Aug 25, 2011 by     Comments Off on Wikileaks    Posted under: Non-Fiction

WikiLeaks is an international non-profit organization that publishes private, secret, and classified media from unknown news sources and news leaks from around the world. The website of WikiLeaks, launched in 2006 under The Sunshine Press Organization, claimed a database of more than 1.2 million documents within a year of its launch. ‘The primary purpose of WikiLeaks is to expose oppressive regimes in Asia but we also expect to be of great help to people of all regions all over the world, who wish to reveal unethical behavior in their governments and corporations’, says the founder of WikiLeaks.

One of the great ironies of WikiLeaks is that the industrial quantities of robbed State department documents actually show American diplomats doing their jobs the way diplomats should, and doing them very well indeed. WikiLeaks points out corruption at the top in Afghan government, the Saudi king’s desire to get rid of Iranian threat, the personality quirks of European leaders or the State of Russian gang. There is no big disconnect about the facts, no evidence – in the recent revelations at least – that the U.S government is trying to deceive the public or itself. When it comes to taking action, far from confirming the increasing common place image of a waning superpower and a feckless State department, WikiLeaks has shown that the American diplomats draw on full range of tools at their disposal, the soft power of persuasion, and the hard power of economic and even covert military action, especially in the fight against Al-Qaeda.

The founder of WikiLeaks, Julia Assange, argues that given the way some American administrations used secrecy to lead the public astray with tragic consequences in Vietnam, Nicaragua and Iraq, WikiLeaks documents revealed so far show the diplomats using their reporting skills to try to illuminate the complexities of the countries where they serve and their negotiating skills to reduce the threat of war, whether with North Korea or Middle East.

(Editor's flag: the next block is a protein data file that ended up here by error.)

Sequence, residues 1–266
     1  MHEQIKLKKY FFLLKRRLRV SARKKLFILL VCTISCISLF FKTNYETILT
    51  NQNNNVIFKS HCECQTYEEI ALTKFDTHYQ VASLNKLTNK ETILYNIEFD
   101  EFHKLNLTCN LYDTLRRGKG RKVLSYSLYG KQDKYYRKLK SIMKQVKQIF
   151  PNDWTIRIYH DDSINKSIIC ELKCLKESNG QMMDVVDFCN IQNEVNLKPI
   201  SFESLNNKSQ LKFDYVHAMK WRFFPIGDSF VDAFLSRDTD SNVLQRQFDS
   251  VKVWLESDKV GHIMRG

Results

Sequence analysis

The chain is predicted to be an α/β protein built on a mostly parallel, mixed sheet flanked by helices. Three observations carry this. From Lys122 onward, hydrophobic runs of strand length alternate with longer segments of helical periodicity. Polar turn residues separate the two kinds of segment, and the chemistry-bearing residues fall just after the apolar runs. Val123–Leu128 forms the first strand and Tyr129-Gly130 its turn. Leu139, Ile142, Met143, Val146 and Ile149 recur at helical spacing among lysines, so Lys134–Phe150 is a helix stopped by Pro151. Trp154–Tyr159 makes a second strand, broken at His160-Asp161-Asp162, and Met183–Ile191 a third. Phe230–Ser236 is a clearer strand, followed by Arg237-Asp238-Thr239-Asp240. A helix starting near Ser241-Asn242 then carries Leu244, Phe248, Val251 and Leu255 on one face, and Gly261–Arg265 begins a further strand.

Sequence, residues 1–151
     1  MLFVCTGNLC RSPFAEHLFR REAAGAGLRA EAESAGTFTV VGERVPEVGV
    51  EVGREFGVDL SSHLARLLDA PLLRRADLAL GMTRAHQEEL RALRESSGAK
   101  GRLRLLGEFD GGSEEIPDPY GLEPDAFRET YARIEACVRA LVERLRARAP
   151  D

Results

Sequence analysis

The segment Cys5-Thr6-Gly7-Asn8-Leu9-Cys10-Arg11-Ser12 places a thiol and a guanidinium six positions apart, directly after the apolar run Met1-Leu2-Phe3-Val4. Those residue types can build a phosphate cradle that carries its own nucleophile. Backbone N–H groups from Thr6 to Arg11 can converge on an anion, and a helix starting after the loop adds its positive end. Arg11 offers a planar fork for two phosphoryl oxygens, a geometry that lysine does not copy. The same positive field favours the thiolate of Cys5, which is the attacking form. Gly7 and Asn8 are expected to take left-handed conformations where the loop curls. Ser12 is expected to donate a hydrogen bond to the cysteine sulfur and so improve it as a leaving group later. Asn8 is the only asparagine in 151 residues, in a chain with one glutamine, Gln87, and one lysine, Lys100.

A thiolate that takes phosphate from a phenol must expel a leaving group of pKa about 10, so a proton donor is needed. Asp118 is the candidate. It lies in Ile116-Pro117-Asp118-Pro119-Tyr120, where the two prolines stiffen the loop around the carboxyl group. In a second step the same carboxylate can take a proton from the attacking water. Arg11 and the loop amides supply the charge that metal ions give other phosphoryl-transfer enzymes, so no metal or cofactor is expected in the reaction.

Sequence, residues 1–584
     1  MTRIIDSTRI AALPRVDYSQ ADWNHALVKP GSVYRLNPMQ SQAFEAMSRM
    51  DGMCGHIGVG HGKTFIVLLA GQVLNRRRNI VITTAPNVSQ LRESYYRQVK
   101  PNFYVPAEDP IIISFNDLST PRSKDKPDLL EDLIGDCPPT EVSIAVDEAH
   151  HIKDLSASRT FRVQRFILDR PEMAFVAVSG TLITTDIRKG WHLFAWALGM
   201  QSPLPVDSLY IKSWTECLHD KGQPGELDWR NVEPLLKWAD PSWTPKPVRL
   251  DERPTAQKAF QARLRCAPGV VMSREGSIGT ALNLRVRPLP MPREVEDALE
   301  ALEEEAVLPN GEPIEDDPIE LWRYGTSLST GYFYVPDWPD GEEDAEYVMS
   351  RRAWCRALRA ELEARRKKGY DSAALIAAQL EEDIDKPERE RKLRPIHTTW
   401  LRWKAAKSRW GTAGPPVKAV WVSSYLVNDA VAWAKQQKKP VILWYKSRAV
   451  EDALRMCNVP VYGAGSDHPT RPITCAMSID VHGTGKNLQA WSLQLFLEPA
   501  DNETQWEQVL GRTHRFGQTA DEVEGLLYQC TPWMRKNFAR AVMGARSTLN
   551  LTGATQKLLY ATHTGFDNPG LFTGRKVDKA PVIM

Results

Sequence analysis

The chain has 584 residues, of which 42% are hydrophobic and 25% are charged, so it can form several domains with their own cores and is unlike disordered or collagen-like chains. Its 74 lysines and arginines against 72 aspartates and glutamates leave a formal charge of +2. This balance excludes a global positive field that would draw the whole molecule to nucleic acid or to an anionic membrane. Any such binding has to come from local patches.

The Iranian case offers the most detailed and multifaceted picture of American diplomacy revealed by the WikiLeaks so far. China, Russia, Turkey, Arab allies and European partners are all part of the picture too. Despite the barrage of headlines shouting over how sour their relationship has become, WikiLeaks revealed the news on Washington (U.S) and Moscow (Russia) working on intimate terms to blunt Iran.

In the wake of revelations by WikiLeaks, we can even expect to see – or rather not to see – even more diplomatic traffic hidden away at higher classification levels. WikiLeaks further revealed that ever since the September 2001 terrorist attacks on the U.S, the U.S government has been fighting to break down the bureaucratic walls among agencies. Until then, they kept the information in figurative “silos” or “stovepipes” and often refused to share.  As a result, massive blind spots were created that helped to pave the way for Al-Qaeda to attack.

Although the information WikiLeaks provides, is lucrative for some nations but it can also give rise to hatred among few nations. For example, it can give rise to hatred/enmity between KSA and Iran). Creating hatred and enmity in the name of exposing oppressive regimes seems to be an unethical act, and unethical acts can never provide solutions for problems.

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